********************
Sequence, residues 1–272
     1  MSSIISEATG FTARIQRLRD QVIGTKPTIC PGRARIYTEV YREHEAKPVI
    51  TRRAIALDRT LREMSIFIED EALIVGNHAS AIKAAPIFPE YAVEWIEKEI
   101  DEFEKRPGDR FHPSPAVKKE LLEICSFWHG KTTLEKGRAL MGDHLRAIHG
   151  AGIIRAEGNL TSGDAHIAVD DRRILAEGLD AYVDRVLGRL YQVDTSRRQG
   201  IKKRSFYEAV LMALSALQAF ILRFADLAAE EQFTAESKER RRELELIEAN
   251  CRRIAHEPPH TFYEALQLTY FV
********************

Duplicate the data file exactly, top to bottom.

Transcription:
Sequence, residues 1–272
     1  MSSIISEATG FTARIQRLRD QVIGTKPTIC PGRARIYTEV YREHEAKPVI
    51  TRRAIALDRT LREMSIFIED EALIVGNHAS AIKAAPIFPE YAVEWIEKEI
   101  DEFEKRPGDR FHPSPAVKKE LLEICSFWHG KTTLEKGRAL MGDHLRAIHG
   151  AGIIRAEGNL TSGDAHIAVD DRRILAEGLD AYVDRVLGRL YQVDTSRRQG
   201  IKKRSFYEAV LMALSALQAF ILRFADLAAE EQFTAESKER RRELELIEAN
   251  CRRIAHEPPH TFYEALQLTY FV